If you were a teenager in the 1980s, there is no doubt you were in some way influenced by writer/director John Hughes. He wrote and sometimes directed hit movie after hit movie, dealing with those awkward high school years when one is trying to discover who they are and how they fit into this world. More often than not he tackled the topic of teenage romance and the hormones that complicated those relationships. Sixteen Candles, The Breakfast Club, Weird Science, Some Kind of Wonderful were some of his films whose themes are still as relevant today as they were when they were first released. It is no wonder then, that Paramount Pictures chose Pretty In Pink as part of their Paramount Presents Collection.
Andie (Molly Ringwald; Riverdale) is a high school senior but lives "on the wrong side of the tracks". Duckie (Jon Cryer; Two and a Half Men) has been her friend for years while harboring a secret crush on her. They are two of the poor, oddballs of their high school with a unique fashion sense. Andie's dad (Harry Dean Stanton; Alien) hasn't really worked since his wife left him and Andie so Andie is more of the adult in the house.
Andie, however, has a crush on Blane (Andrew McCarthy; Weekend at Bernie's), the sensitive, rich guy in her class. When he asks her out she immediately says yes but their union is problematic for everyone around them. Blane's friends don't accept Andie because she is poor and Duckie is simply crushed that his affections aren't reciprocated. Excited to go to prom with Blane, Andie is heartbroken when he backs out claiming he had asked another girl but had forgotten. Not wanting to let them get the best of Andie, she makes a prom dress and shows up alone, only to be met by Duckie who escorts her inside. There she finds Blane, dateless, who apologizes to her for ruining their relationship.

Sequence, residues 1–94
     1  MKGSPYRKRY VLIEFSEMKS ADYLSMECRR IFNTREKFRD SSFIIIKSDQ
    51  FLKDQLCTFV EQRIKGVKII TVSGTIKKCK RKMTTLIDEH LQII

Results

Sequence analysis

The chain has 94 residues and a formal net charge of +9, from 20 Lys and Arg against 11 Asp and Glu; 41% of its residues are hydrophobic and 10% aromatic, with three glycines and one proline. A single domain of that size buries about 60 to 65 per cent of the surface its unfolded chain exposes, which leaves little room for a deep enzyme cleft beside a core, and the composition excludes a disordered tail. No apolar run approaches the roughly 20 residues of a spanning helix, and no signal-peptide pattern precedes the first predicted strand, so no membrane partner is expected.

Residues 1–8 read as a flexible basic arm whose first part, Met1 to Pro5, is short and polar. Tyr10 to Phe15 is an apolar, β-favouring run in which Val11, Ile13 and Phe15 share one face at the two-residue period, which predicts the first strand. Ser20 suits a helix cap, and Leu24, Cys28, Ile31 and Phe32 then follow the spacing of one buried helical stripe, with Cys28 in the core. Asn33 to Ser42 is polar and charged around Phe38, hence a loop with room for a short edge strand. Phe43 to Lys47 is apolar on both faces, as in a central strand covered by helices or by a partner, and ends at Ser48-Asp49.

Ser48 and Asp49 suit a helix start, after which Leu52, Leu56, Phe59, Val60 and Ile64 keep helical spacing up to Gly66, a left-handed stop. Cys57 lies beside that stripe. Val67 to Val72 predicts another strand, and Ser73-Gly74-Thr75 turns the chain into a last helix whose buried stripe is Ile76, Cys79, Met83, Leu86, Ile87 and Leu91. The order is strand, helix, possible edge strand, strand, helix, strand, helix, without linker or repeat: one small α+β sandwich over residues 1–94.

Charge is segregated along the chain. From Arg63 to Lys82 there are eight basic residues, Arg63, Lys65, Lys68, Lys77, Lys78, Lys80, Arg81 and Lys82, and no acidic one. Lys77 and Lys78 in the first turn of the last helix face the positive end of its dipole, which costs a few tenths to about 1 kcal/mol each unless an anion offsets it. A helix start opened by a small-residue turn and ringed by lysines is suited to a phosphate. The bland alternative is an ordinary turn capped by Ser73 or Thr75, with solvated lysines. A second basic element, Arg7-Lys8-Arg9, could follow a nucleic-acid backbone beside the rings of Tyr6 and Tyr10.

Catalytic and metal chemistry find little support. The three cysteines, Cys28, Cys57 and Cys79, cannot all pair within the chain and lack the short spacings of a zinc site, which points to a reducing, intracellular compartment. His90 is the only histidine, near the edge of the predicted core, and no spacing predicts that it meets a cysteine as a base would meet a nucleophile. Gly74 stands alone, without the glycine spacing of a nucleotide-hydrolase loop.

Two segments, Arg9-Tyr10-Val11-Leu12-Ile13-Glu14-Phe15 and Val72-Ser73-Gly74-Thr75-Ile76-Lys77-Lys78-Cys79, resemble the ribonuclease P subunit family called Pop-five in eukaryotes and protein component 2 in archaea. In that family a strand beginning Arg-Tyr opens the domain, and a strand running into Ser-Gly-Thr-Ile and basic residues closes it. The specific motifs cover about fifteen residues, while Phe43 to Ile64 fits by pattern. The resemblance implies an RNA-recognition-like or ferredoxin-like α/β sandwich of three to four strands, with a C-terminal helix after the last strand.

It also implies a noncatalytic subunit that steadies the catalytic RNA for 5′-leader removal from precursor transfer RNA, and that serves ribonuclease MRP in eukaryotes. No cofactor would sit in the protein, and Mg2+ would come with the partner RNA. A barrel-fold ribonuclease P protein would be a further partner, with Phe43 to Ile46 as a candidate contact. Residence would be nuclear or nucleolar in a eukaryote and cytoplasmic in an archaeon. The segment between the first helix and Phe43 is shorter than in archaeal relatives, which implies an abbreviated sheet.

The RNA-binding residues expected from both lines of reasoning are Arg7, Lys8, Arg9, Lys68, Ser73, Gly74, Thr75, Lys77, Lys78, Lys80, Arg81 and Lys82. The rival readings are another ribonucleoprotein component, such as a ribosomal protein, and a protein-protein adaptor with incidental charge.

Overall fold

Casting Directors Paula Herold (Big) and Marci Liroff (Mean Girls) did a terrific job filling the roles of the main characters. Ringwald has an inner strength about her that makes Andie so resilient even when she is crying her eyes out. Cryer had that quirky, boyish charm that made audiences fall in love with him. McCarthy had a maturity about him (maybe because he was six years older than Ringwald), which worked well considering Andie and Blane were surrounded by typical high schoolers. James Spader (Boston Legal) does such a good job as Blane's best friend Steff, who is rich, obnoxious and puts Andie down every chance he gets.
The Blu-ray, sourced from a 4K remaster, is clean and sharp bringing Director, Howard Deutch's (The Replacements) vision to life and showcasing his shot composition extremely well. The DTS-HD Master Audio 5.1 is exceptionally defined but mostly from the front, leaving the rear channels mostly unused. The soundtrack is somewhat eclectic but mostly ‘80's pop and the audio represents it nicely. The extras are somewhat lacking offering the following: Filmmaker Focus: Pretty in Pink, The Lost Dance: The Original Ending, Original Theatrical Trailer, and Isolated Score Track. There also is no DVD disc or Digital code but, like all Paramount Presents offerings, the cover art is a reproduction of the original movie poster.
Those of us who were teens when this film came out in theaters will remember, Duckie's dance scene, the ending and excellent performances all around. While the story is not unique or new, Hughes had a way of making it fresh and seem more important than perhaps it really was.
Hughes spoke for a generation of teenagers and made them think someone really understood what they were feeling. His legacy is set in stone as his movies like Pretty in Pink stand the test of time and could be just as relevant today as the day he wrote them.
Pretty In Pink is a solid transfer and a solid film that is definitely worth adding to your home entertainment library.